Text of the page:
IAS Officer Srishti Singh’s Unique ‘Boat Cell’ Activation in First Election Posting

IAS officer Srishti Singh faced some unique challenges on her first posting as District Election Officer in Bilasipara, Assam Famous for its char areas, the posting provided the 2021-batch officer a unique opportunity to showcase her administrative skills Her election experiences highlight the arduous paths and rough waters an officer has to navigate to ensure a smooth electoral process
Indian Masterminds Stories

Ask any young IAS officer and she or he would tell you how they looked forward with great anticipation and some trepidation to their first posting after probation. This is the time they get to put all the knowledge they had acquired during their training period into action and gather a diverse range of experiences that would further hone their administrative skills.

2021 batch IAS officer Srishti Singh, too, approached her first posting in Assam’s Bilasipara sub-divison in Dhubri district as the District Election Officer with the same energy and enthusiasm. Only two and a half months were left for the parliamentary elections 2024 and she was all charged up to discharge her duties in this biggest exercise of democracy. That her district is not the regular kind, being full of inaccessible char (riverine) areas, added to the barrage of challenges.

To tackle the limited access to these silt-laden areas in the remote basins of the mighty Brahmaputra river, Ms. Singh, improvised on the poll monitoring system and came up with a ‘boat cell’ for the char areas. In an exclusive conversation with Indian Masterminds, the AIR 78 rank holder in CSE 2020 detailed the initiative.

Boat Cell members


The chars are remote low-lying areas in the silted basins of the Brahmaputra river, inhabited by a large population whose sole occupation is agriculture. The extremely fertile silt makes vegetable cultivation a lucrative occupation and the harvest is sold in the nearest towns and villages after loading them onto country boats that the farmers manoeuvre dangerously through the strong currents of the Brahmaputra.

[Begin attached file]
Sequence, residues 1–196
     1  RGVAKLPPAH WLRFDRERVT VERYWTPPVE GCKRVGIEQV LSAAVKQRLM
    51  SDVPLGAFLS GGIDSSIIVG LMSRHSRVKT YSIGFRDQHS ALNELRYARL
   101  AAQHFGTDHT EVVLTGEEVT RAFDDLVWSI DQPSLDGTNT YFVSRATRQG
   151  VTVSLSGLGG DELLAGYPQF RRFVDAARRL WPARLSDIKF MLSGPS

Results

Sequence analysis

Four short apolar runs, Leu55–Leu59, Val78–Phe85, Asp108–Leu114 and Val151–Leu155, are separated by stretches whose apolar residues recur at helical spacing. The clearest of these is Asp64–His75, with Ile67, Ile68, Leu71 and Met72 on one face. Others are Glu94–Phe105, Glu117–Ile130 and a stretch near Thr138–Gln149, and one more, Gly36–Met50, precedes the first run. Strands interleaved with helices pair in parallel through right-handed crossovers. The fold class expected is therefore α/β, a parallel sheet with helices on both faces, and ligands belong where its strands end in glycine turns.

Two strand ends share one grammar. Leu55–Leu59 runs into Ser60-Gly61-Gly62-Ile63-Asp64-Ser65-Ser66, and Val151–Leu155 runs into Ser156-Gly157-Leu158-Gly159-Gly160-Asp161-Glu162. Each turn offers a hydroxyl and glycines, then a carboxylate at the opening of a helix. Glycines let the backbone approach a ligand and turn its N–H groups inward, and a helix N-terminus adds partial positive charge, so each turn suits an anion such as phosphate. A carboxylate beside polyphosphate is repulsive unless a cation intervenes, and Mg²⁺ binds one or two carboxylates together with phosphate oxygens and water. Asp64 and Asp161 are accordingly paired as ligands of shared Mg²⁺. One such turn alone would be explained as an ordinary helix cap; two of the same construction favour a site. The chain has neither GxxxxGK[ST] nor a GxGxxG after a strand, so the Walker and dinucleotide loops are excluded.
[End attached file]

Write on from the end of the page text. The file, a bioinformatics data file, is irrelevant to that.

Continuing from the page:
And, these areas alone account for about 3 lakh of the district’s voters. Bilasipara has two constituencies – Bilasipara and Birsing Jarua. The latter is a riverine constituency comprising of mostly char areas. On top of that, it falls along the international border with Bangladesh, its topography throwing up a unique set of challenges when it comes to conducting voting.

IAS officer Srishti Singh (right, first row) with boat cell team members

“I had joined two and half months back before the election on 7 May. As I was not too well versed with the area, I decided to go on a tour. Very quickly I realised that this was going to be a very difficult polling deployment. These areas were 6-7 hours away from the district HQ and had poor Internet connectivity and electricity issues. Also, most of the polling stations were along the border. On top of it, there was a storm forecast. So, we had to take into account the poll parties’ safety and security,” Ms. Singh said.

Boat Cell members’ election vehicle


And, as unique challenges require unique approaches, the ‘boat cell’ was activated with a fleet of 90 machine boats and around 7-8 speed boats.

Ms. Singh said, “After doing the recce of the char areas, we realised that the only feasible access was by boats. Hence, we activated the ‘boat cell’.”

All set to leave for their election duty in the remote char areas

However, once activated, it soon turned out to be a daunting assignment for the cell members. The weather forecast was not good ahead of the polls, with storm and heavy rainfall prediction that could make the already tumultuous river churn out angrier currents, endangering the lives of the polling staff.